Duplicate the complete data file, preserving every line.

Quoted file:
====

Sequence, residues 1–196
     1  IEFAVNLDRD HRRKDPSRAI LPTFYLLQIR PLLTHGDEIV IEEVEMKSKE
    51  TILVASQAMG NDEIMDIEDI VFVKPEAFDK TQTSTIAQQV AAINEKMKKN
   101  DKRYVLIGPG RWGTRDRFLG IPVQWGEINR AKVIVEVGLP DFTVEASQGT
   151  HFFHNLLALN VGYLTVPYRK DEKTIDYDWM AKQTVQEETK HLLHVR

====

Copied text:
Sequence, residues 1–196
     1  IEFAVNLDRD HRRKDPSRAI LPTFYLLQIR PLLTHGDEIV IEEVEMKSKE
    51  TILVASQAMG NDEIMDIEDI VFVKPEAFDK TQTSTIAQQV AAINEKMKKN
   101  DKRYVLIGPG RWGTRDRFLG IPVQWGEINR AKVIVEVGLP DFTVEASQGT
   151  HFFHNLLALN VGYLTVPYRK DEKTIDYDWM AKQTVQEETK HLLHVR